It is the innate yearning of the human condition to belong. When we come into existence, this desire is satisfied by joining the orderly social structure of a family. Living in a moral, rational universe, leads us to believe that developing such fruitful relationships will grant us the support and resources to achieve success in other facets of life. But in an absurd reality where such beliefs are meaningless, collective pursuits are quite futile. Through an analysis of narrative perspective, character and atmosphere, the closing paragraph of Frank Kafka’s haunting novella The Metamorphosis reveals the superficial nature of the love and bond that holds a family together amidst an existential world.
Franz Kafka's The Metamorphosis is so strikingly absurd that it has engendered countless essays dissecting every possible rational and irrational aspect of the book. One such essay is entitled "Kafka's Obscurity" by Ralph Freedman in which he delves down into the pages of The Metamorphosis and ferrets out the esoteric aspects of Kafka's writing. Freedman postulates that Gregor Samsa progresses through several transformations: a transformation of spatial relations, a transformation of time, and a transformation of self consciousness, with his conscious mutation having an antithetical effect on the family opposite to that of Gregor. His conjectures are, for the most part, fairly accurate; Gregor devolves in both his spatial awareness and his
The Metamorphosis, by Franz Kafka, tells a unique story about a young man that suddenly turns into a bug; Gregor Samsa. The reason for Gregor turning into a cockroach unexplained. The novel is told as if Gregor; the main character, is perfectly normal. Kafka portrays Gregor as a very selfless man, not thinking of his own health or what would be good for him. Throughout the book there are many Gregor is seemingly cut off from the world, the transformation into a bug almost like a metaphor for Gregor's own life.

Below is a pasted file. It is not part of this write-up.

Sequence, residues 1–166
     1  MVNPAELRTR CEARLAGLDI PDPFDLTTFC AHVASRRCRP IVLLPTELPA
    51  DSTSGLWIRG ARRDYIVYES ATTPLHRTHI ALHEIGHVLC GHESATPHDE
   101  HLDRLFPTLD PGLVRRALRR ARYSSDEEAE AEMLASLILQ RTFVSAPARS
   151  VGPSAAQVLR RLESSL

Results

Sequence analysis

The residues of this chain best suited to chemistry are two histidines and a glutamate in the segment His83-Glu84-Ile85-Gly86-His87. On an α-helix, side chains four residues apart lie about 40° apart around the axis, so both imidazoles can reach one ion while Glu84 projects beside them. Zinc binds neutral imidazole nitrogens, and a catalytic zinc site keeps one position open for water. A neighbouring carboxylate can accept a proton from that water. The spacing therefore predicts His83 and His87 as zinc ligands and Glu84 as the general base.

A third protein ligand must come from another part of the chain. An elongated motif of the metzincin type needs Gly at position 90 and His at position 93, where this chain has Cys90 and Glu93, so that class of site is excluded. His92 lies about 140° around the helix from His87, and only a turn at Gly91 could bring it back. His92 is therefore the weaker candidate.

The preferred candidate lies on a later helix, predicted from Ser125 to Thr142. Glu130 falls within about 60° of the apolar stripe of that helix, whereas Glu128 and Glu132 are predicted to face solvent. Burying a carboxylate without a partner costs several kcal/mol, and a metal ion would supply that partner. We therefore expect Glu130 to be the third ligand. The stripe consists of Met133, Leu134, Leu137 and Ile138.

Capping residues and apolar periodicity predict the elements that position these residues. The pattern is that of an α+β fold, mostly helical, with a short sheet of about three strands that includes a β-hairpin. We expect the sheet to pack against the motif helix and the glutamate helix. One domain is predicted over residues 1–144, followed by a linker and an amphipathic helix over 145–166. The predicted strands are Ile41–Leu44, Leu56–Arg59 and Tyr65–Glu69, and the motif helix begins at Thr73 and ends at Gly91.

Franz Kafka’s The Metamorphosis (1915) is a novella about protagonist Gregor, a hard-working traveling salesman transforms into some a vermin overnight and struggles to adjust to his startling change. Kafka characterizes Gregor as a selfless individual whose profound love for his family misleads him about their genuine disposition. As he adjusts to his new change, he undergoes great difficulty to determine his identity and humanity. Gregor has deceived himself into believing that his family will love him despite his repulsive appearance. In The Metamorphosis, Kafka uses characterization and third-person narrative to demonstrate Gregor’s self-deception and self-awareness regarding his family and circumstances to establish the theme of identity.
His fate, it seems, is to provide for his family and there are several instances in which he laments his inability to provide for his mother, father, and dear sister. The narrator states, revealing one of these themes in “The Metamorphosis”, “Gregor’s sole desire was to do his utmost to help the family to forget as soon as possible the catastrophe which had overwhelmed the business and thrown them all into a state of complete despair” (95) and this sense of blind duty compels him to work a meaningless, menial job that has both figuratively and literally turned him into a filthy, scuttling, and helpless insect. While this is true on a more basic level, the root of Gregor’s problem stems from a deep-seated feeling of guilt, an emotion that eventually leads to his demise. By the end of the story, Gregor has completely lost his purpose and for a man that once existed simply as a utilitarian creature (again, like an insect since he lives only to fulfill his duty to the group). At one point, his feelings of uselessness are described as, ““Gregor was now cut off from his mother, who was perhaps nearly dying because of him; he dared not open the door for fear of frightening his sister, who had to stay with her mother, there was nothing he could do but wait; and harassed by self-reproach and worry he began to crawl to and fro” (109) and it is clear that the guilt of being useless is mounting and leading to his resignation in the face of